Chimamanda Ngozi Adichie’s We Should All Be Feminists (2016 Deal Me In Challenge)

Layout: The 4 of clubs, the cover of "We Should All Be Feminists," and a portrait photo of Chimamanda Ngozi Adichie

This essay is from the Deal Me In Reading Challenge–a.k.a. the Short Stories, Essays, & Poems Sub-Project–where I read a short story, essay, or poem every single week. Each item on my reading list is assigned to a playing card, and every Friday I pick a card at random to choose my weekly read.

Deal Me In: Short Stories Challenge

4 of clubs from Shakespeare Insults playing deck. It reads: "Thou art a boil a plague-sore, an embossed carbuncle, in my corrupted blood." (from King Lear)

I have a confession:

I didn’t actually read the essay.

And that’s because I found out that the prominent author, Chimamanda Ngozi Adichie, had adapted this essay from a talk she gave at a TEDx event. I’d actually never heard of Adichie before, but I found out that parts of this talk were sampled in Beyoncé’s song “Flawless.” Maybe if I followed pop culture more, I would have heard of Adichie sooner…but I digress.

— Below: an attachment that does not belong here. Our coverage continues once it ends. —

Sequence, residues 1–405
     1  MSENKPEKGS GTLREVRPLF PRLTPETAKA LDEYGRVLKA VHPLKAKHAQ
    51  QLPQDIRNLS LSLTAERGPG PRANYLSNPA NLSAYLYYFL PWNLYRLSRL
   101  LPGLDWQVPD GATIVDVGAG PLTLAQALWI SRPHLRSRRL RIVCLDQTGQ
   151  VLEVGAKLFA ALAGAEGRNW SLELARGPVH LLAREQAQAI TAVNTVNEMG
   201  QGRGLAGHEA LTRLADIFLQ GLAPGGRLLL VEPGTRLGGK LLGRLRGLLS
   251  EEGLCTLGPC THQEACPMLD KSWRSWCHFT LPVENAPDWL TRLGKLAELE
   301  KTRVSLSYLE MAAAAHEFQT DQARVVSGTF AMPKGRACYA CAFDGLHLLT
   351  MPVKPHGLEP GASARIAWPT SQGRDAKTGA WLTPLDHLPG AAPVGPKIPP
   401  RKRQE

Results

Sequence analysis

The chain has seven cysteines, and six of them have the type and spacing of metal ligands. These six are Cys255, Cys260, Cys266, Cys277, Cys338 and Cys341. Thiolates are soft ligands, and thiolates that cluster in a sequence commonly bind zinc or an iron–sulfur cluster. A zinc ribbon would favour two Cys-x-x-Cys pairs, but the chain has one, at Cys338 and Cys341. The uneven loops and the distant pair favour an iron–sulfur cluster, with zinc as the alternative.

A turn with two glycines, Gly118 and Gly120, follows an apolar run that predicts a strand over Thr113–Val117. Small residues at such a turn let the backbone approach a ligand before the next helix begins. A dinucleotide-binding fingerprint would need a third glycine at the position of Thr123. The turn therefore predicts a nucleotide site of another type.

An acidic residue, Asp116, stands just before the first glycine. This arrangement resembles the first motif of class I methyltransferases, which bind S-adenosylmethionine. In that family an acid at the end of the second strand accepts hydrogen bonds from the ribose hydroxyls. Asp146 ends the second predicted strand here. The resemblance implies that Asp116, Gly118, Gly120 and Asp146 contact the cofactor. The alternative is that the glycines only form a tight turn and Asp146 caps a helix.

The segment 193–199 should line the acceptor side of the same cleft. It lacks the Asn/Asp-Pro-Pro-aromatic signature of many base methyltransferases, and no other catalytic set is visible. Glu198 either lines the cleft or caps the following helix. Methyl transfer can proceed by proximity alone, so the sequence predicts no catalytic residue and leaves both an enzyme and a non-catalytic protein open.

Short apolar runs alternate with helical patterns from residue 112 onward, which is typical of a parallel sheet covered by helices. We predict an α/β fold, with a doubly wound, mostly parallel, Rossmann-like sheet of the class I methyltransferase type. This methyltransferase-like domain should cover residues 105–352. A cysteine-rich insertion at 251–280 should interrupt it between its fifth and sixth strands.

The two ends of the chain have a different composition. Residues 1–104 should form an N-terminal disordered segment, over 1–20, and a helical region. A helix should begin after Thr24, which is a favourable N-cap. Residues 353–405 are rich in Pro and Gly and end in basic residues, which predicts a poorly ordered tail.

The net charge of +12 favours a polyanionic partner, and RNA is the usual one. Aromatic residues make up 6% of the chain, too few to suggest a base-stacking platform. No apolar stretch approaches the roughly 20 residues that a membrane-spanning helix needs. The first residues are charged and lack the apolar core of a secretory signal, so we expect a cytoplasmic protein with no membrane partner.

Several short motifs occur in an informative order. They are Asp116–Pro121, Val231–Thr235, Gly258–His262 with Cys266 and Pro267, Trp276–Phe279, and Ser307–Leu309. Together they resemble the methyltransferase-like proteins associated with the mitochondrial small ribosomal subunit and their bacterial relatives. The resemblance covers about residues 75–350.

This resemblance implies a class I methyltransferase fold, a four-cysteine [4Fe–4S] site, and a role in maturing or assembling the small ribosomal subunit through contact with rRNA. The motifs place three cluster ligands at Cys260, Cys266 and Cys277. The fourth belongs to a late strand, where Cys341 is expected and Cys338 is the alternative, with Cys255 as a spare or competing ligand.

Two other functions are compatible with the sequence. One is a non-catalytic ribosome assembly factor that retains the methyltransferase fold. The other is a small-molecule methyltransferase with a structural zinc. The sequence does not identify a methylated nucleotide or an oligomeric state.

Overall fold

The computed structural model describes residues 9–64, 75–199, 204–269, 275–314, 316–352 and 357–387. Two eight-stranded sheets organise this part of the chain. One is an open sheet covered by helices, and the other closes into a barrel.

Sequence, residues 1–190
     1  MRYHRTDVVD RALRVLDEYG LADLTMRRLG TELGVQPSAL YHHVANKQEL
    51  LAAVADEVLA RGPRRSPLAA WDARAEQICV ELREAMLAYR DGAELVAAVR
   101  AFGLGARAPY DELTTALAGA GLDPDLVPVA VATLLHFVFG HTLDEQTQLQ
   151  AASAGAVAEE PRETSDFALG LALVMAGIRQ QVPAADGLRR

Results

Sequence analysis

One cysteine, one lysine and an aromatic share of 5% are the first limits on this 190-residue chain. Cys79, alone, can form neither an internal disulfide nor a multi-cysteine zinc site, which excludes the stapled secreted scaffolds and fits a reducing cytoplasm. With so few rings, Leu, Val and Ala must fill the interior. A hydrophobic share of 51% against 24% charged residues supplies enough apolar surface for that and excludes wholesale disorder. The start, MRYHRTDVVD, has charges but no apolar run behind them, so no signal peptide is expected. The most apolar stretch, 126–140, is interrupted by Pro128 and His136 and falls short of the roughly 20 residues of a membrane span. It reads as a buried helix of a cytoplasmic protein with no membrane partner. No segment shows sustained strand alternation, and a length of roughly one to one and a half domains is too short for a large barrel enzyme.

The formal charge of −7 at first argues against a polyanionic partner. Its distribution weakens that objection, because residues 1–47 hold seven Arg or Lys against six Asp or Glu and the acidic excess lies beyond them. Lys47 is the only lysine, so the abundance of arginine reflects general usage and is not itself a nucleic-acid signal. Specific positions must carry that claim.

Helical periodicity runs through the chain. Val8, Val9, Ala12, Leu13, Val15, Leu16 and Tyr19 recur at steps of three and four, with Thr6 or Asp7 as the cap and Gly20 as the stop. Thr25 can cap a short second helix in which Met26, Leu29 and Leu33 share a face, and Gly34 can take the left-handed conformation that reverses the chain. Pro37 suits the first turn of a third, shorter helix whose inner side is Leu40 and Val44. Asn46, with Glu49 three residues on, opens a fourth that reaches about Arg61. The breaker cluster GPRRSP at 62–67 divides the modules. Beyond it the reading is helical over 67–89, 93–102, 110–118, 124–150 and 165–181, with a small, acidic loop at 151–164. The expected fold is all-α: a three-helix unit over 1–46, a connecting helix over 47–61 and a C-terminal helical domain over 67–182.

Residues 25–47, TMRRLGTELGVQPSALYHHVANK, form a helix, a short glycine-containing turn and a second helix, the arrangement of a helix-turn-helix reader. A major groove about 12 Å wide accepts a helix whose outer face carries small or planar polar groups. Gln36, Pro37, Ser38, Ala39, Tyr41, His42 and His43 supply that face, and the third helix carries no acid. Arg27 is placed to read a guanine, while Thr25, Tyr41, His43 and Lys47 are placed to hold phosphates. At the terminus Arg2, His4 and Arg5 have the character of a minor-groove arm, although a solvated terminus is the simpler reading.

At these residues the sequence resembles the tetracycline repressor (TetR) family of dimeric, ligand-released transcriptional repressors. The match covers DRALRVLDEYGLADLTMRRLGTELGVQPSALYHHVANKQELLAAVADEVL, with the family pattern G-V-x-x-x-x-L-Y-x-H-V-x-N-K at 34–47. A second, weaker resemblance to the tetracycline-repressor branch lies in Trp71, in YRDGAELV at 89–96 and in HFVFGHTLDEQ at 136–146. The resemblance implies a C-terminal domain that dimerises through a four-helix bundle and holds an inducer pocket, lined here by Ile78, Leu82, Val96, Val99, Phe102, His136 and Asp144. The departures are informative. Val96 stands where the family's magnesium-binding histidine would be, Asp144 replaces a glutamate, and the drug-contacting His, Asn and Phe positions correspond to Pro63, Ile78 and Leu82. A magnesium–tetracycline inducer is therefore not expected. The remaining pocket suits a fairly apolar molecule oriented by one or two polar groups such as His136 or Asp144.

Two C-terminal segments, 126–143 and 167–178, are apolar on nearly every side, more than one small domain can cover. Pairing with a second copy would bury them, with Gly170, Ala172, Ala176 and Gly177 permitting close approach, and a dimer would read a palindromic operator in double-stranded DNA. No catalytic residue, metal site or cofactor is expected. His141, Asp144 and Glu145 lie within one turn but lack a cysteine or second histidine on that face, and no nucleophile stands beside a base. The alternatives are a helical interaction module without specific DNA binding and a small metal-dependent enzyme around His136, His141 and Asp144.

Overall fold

On watching her 30 minute talk, I couldn’t help but think what a charming & magnificent woman she is. During the speech, she mentions an experience she had while teaching a writing class–and my first thought was how much I would love to have her as a teacher. I absolutely cannot wait to read some of her novels.

Please have a look for yourself:

Chimamanda Ngozi Adichie

Chimamanda Ngozi Adichie is an award-winning author, who grew up in the univeristy town of Nsukka, Nigeria. She left for the U.S. to study communications and political science, and graduated summa cum laude from Eastern Connecticut State. She went on to earn a Master’s in creative writing from Johns Hopkins and a Master of Arts in African studies from Yale. She continues to divide her time between the U.S. and Nigeria.

Portrait of Chimamanda Ngozi Adichie

UPDATE, 9/11/2016: I did end up reading her essay, published as a small, 48-page book. I’m glad I listened to her talk first though; because the way she speaks, when she laughs, when she is being sarcastic or making a joke–none of that comes off in the written format and, having watched the talk first, I knew in what tone of voice to read the words. One who only reads it would miss out on those important subtleties and details, so I wholeheartedly recommend listening to her speak over reading the essay.